Poor henbit control is not a statewide problem yet, but it has increased from a few isolated cases in Tensas Parish in 2008 to widespread problems in Concordia, Tensas, Madison and East Carroll parishes in 2009 and in Catahoula Parish in 2010. The reason for increasing problems with henbit is still unknown. It’s suspected that henbit populations are becoming more tolerant to glyphosate plus 2,4-D. At the Northeast Research Station, henbit control from glyphosate plus 2,4-D averaged 80 percent five years ago but less than 30 percent – and often zero – in 2010.
In fields where henbit control has not been satisfactory, fall or early winter herbicide programs work best, Williams says. Pro-grams based on glyphosate co-applied with FirstShot and a residual herbicide in late December or January have performed well. The key to these programs is to make the applications while cutleaf evening primrose and henbit plants are small. 2,4-D can be used to clean up escaped primrose, if any, 30 days before planting corn. The herbicides Ignite (glufosinate) and paraquat are effective at cleaning up any henbit plants that escape before planting.
Early Postemergence Options
Erick Larson, Mississippi State University Extension/Research corn specialist says crop rotation to corn is perhaps the best option to control and/or help prevent glyphosate-resistant pigweed because many more effective herbicide options for pigweed are available for corn compared to cotton and soybeans.
“These herbicides have several different modes of action, which helps prevent resistance,” Larson says. “Several herbicides la-beled for use in corn, but not soybeans or cotton, have good residual and/or activity.”
In Larson’s “Grain Crops Update” news-letter, he discusses the early postemergence time period for corn weed control:
The transition to glyphosate-tolerant corn has enhanced the ability to control weeds in Mississippi corn production systems. How-ever, farmers can still benefit from supplemental residual herbicides and proper timing to achieve seasonal “one-pass” weed control, which they desire. Atrazine has long served as the standard for broadleaf weed control in corn and still plays a major role.
|University Of Florida Extension Weighs In|
|Know your weeds and choose a herbicide that is effective for your specific weed problems. Generally, for preplant and preemergence applications, the weed problem must be anticipated since the weeds have not emerged at the time of application. This can best be done by observing the field in the fall and recording those weeds that are present and in what areas of the field they occur. These “weed maps” can be very useful the next spring in refreshing your memory and making decisions on which herbicides to purchase.
Herbicides are one of the most effective tools for successful weed control in corn. Preplant or preemergence applications combined with good management practices are important for ensuring that corn has the initial competitive advantage. The herbicides suggested in Table 1, Table 2 and Table 3 are those that have performed well in the Institute of Food and Agricultural Sciences (IFAS), University of Florida, research. When choosing a herbicide, consideration should be given to the crop that will follow in a rotation and whether the herbicide will carry over and injure the succeeding crop.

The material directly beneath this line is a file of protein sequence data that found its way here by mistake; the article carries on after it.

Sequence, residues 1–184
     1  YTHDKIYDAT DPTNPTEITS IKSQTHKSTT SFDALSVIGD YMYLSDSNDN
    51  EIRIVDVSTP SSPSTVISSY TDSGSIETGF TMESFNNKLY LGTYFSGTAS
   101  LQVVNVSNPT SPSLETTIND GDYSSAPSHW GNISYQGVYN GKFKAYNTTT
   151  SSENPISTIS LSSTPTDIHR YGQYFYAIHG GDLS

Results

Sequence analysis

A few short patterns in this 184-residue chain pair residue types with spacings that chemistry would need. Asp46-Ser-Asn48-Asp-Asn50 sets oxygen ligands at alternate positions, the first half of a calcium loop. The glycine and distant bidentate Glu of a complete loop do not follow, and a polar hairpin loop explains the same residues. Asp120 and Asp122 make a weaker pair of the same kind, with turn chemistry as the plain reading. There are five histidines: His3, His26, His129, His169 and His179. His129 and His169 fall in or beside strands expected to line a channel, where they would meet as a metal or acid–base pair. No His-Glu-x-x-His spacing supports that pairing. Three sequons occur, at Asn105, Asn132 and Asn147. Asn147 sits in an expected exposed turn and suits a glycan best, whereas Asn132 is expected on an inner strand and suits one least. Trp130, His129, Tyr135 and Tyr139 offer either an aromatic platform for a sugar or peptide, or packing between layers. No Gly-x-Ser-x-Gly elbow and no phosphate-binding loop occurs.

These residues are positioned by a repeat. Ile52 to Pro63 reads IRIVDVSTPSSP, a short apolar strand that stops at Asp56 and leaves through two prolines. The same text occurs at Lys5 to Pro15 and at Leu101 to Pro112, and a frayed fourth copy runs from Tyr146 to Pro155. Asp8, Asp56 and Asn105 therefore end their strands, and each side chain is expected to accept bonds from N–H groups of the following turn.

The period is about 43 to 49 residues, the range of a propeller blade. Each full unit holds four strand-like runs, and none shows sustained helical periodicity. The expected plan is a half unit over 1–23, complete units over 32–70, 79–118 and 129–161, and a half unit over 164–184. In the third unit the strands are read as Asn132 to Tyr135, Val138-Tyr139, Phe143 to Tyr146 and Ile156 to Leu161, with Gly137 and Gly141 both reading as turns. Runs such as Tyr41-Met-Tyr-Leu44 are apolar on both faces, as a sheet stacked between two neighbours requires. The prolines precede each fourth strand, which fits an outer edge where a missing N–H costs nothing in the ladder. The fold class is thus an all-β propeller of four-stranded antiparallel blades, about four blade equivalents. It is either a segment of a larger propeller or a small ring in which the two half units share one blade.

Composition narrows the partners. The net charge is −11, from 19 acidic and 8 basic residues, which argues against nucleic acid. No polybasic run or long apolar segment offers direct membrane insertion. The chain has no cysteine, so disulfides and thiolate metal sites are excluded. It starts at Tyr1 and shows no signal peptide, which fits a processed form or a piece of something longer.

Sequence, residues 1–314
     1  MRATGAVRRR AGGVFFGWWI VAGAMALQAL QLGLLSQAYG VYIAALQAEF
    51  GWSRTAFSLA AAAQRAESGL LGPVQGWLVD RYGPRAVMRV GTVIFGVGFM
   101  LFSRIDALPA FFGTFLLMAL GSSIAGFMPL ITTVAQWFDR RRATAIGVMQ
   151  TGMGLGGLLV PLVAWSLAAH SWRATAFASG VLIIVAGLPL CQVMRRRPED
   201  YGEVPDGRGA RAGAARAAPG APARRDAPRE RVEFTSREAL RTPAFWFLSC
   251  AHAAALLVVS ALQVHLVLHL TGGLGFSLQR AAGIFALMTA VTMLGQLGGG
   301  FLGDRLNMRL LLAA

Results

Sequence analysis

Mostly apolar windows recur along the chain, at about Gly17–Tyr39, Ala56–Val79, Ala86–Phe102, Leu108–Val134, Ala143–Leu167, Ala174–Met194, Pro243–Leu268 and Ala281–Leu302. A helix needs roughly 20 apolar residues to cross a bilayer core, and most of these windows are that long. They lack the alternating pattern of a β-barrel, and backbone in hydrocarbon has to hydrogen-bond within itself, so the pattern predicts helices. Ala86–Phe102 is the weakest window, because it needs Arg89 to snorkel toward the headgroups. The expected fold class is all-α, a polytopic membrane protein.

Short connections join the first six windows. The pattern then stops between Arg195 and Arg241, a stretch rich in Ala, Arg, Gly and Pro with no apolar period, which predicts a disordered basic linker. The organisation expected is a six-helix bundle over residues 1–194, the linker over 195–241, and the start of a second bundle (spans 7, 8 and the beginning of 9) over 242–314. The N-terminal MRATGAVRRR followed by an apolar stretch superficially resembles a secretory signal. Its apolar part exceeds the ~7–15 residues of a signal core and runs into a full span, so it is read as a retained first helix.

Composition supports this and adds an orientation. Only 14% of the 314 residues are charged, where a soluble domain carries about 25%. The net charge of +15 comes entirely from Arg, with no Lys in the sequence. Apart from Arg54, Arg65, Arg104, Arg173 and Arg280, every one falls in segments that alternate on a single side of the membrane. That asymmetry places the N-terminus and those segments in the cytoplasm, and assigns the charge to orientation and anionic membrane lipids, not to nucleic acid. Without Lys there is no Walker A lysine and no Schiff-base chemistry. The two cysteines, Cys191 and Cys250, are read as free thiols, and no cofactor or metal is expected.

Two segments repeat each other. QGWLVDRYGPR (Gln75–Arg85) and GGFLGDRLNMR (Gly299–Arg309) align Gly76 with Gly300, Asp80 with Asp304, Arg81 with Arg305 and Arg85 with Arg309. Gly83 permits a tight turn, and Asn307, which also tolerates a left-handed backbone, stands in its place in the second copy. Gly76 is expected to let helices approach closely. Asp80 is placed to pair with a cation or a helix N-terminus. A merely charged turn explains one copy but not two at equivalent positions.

Production practices in no-till corn virtually eliminate effective cultivation, thus placing greater importance on effective chemical weed control. Chemical weed control in no-till corn is similar to that in conventional-planted corn with two basic differences: 1) Existing vegetative growth must be killed or suppressed with a herbicide at or before planting. These can be found under the Burndown Herbicides for No-Till Corn section (Table 1). 2) Herbicides requiring mechanical soil incorporation cannot be effectively used.
All other herbicides listed for preemergence or postemergence application can be used in no-till corn just as in conventional corn.
Visit http://edis.ifas.ufl.edu/wg007 to view the entire Weed Management In Corn section as well as all of the herbicide Tables to which this section refers.
Source: University of Florida IFAS Extension
However, the new bleachers or pigment- inhibiting herbicides, such as mesotrione (Callisto and other formulated mixtures, including Halex GT or Lexar) or tembotrione (Laudis) are proving to provide superior weed control, compared to the standard of atrazine/metolachlor (Bicep II Magnum) in many cases. We encourage our cooperators in the MSU Corn Verification Program to use Halex GT or Lexar tankmixed with glyphosate when weed troubles warrant. These herbicides can substantially improve weed control, particularly residual control of morningglory species.
Utilizing these mixtures in an early post-emergence time frame can also improve seasonal weed control, compared to preemergence application timing, particularly when planting in March. This is because most warm season annual weeds usually begin germinating in mid-April. Therefore, herbicides applied when soil temperatures are too cool for weeds to germinate may lose effectiveness before the corn canopy shades the soil. This early postemergence window (V3-V5 or 6- to 12-inch corn) also allows more days for application, compared to later timing, in the circumstance of wet weather. This is because corn develops height relatively slowly until the V6-growth stage, when rapid vegetative growth begins.
In all of the discussions about early season weed control and suggestions for achieving the best results when growing corn across the South, these university experts stressed herbicide application timing across all states.
So that Southern corn can achieve its highest yield potential, make sure from the beginning that the crop has a clean environment in which to grow.